Summer passed and a new school year started and I ran into her in the hall. Shocked and surprised I asked her how her summer was and what happened to her during finals. She proceeded to share a lengthy story, none of which was her faulty, and resulted in her moving in with her grandma in Chicago during finals. I asked her if anyone else knew. She said no, she just wanted to get her credits so she could graduate and go to college. Standing before me was this brilliant, resilient young woman, so familiar with barriers that she had no fight left to give. I, on the other hand, was ready for battle. How could we make this girl make up 4 semester credits when we only knew her for 8 weeks? I went to the counselor and shared the story, he was on the same page as me and he worked with teachers to create a plan for the student to get her rightly deserved credits. She was able to graduate on time and with a scholarship to her college. It is important to note that this is not my success story. This is the success of that whole class who created a place where she belonged and felt valued. A place she knew she would be trusted, and that trust formed through the relationships in that class.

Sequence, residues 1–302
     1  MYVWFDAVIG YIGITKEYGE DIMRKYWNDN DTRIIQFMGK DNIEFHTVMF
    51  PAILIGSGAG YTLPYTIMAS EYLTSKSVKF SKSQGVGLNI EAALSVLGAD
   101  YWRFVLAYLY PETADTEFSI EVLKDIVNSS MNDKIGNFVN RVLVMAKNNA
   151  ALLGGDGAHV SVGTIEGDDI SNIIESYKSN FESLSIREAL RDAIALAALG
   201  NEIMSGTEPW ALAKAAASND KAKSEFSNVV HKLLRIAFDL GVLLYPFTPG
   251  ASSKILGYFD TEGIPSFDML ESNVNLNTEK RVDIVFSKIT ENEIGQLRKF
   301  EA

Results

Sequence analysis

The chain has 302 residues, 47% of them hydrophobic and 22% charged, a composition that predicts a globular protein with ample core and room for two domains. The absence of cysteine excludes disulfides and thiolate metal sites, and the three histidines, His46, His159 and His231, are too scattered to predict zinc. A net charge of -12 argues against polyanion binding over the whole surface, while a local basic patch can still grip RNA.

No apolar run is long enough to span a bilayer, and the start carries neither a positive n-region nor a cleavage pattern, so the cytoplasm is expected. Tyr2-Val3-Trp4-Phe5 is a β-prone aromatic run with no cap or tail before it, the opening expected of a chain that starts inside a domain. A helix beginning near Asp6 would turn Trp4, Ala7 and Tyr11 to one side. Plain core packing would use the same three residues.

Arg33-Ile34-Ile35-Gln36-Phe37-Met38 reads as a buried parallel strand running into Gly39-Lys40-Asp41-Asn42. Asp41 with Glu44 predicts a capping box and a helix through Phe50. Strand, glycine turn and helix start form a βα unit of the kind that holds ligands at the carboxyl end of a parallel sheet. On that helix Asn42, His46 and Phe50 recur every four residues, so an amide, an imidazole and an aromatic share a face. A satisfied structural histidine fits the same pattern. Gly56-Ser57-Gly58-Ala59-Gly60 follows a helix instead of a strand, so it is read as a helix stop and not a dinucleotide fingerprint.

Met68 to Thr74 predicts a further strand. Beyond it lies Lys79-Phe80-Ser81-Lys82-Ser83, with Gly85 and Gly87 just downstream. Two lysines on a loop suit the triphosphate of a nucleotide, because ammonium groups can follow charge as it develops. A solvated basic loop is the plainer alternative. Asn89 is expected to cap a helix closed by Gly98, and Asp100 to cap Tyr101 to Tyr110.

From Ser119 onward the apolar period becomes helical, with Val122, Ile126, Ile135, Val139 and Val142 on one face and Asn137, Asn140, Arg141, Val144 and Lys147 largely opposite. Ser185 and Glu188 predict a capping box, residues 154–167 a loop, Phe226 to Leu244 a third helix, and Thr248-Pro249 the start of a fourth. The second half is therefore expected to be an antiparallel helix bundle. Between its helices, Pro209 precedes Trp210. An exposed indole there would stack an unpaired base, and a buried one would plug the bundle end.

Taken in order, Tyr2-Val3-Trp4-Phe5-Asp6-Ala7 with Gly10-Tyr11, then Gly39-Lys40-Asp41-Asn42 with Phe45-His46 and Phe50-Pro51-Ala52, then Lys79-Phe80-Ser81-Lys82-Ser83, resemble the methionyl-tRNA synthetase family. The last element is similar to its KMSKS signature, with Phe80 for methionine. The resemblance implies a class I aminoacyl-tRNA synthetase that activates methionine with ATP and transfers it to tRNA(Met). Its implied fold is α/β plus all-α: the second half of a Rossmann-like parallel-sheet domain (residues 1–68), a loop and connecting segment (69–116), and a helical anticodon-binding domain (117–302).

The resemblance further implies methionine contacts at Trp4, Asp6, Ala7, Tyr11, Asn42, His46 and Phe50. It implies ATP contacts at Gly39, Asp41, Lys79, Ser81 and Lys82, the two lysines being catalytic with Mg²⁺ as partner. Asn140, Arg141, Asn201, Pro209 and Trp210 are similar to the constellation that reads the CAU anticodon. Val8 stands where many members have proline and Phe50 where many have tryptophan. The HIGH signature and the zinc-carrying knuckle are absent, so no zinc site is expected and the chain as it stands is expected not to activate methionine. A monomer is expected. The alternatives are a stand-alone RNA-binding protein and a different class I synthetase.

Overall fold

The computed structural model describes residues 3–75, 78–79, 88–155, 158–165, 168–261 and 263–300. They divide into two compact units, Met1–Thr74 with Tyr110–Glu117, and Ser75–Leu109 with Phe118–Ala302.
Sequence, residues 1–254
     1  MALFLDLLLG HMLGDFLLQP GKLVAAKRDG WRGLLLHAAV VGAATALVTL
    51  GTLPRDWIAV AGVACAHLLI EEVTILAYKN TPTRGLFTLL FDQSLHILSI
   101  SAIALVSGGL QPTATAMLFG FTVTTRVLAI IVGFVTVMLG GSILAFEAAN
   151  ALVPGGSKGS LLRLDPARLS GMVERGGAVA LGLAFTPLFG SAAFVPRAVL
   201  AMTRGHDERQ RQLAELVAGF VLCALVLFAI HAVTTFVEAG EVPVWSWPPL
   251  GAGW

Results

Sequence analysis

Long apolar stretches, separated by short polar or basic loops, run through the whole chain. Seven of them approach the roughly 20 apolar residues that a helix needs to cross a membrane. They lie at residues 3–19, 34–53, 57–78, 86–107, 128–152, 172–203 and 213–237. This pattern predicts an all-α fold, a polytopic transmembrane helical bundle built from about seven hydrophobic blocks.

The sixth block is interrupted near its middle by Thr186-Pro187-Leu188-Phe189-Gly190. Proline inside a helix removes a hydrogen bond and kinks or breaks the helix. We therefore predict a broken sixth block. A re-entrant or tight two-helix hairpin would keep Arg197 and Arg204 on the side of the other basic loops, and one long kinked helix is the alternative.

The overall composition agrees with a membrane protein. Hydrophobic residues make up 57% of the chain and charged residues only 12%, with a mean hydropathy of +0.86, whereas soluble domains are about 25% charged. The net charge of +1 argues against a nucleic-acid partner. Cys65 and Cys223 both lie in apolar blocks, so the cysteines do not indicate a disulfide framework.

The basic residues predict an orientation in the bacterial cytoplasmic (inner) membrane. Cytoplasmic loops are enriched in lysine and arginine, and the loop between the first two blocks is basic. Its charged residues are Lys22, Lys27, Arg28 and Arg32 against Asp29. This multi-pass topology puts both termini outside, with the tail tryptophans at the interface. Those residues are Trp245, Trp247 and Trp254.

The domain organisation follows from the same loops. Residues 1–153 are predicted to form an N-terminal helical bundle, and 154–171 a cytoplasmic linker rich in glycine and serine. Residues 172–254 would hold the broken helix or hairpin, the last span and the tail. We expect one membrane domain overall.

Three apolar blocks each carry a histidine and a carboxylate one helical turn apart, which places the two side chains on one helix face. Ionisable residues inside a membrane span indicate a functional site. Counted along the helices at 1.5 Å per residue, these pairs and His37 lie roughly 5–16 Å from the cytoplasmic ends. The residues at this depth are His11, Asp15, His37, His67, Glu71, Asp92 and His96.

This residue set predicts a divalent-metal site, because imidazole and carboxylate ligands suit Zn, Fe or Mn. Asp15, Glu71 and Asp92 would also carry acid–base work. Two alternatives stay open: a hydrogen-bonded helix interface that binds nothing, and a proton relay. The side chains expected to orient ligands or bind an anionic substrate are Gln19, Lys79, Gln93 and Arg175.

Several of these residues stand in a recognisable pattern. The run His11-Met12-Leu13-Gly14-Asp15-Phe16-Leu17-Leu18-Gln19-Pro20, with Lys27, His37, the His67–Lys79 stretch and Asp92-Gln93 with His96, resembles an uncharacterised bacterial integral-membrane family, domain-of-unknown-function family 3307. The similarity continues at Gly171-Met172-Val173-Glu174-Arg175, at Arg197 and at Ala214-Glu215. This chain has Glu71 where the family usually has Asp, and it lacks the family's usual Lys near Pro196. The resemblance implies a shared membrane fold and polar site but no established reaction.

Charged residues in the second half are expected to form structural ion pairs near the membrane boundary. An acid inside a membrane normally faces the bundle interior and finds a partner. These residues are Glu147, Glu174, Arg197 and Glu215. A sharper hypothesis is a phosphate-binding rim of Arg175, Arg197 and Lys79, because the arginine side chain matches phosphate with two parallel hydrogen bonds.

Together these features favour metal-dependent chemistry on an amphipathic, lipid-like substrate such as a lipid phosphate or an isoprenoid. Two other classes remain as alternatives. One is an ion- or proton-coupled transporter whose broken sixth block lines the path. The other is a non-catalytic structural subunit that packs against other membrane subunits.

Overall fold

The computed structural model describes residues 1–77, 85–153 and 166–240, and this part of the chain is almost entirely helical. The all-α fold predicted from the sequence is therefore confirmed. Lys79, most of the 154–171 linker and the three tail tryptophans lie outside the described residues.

Relationships are the foundation that lays the cornerstone of trust, and once the foundation and the cornerstone are laid, the household of belonging can be built, and this household, when filled with the community becomes the home to many. What is the house that you will build?